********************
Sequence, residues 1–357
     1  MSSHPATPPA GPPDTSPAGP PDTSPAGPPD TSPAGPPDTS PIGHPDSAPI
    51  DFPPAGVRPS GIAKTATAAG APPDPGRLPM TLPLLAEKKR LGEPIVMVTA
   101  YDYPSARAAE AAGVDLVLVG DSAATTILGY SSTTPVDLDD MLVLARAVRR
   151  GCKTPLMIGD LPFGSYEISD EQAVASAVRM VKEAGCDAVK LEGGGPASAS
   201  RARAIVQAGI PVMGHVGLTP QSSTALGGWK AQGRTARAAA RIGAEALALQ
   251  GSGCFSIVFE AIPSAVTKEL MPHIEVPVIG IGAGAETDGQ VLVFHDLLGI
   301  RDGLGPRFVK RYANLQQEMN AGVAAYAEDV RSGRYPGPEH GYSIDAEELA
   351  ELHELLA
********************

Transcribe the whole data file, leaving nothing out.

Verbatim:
Sequence, residues 1–357
     1  MSSHPATPPA GPPDTSPAGP PDTSPAGPPD TSPAGPPDTS PIGHPDSAPI
    51  DFPPAGVRPS GIAKTATAAG APPDPGRLPM TLPLLAEKKR LGEPIVMVTA
   101  YDYPSARAAE AAGVDLVLVG DSAATTILGY SSTTPVDLDD MLVLARAVRR
   151  GCKTPLMIGD LPFGSYEISD EQAVASAVRM VKEAGCDAVK LEGGGPASAS
   201  RARAIVQAGI PVMGHVGLTP QSSTALGGWK AQGRTARAAA RIGAEALALQ
   251  GSGCFSIVFE AIPSAVTKEL MPHIEVPVIG IGAGAETDGQ VLVFHDLLGI
   301  RDGLGPRFVK RYANLQQEMN AGVAAYAEDV RSGRYPGPEH GYSIDAEELA
   351  ELHELLA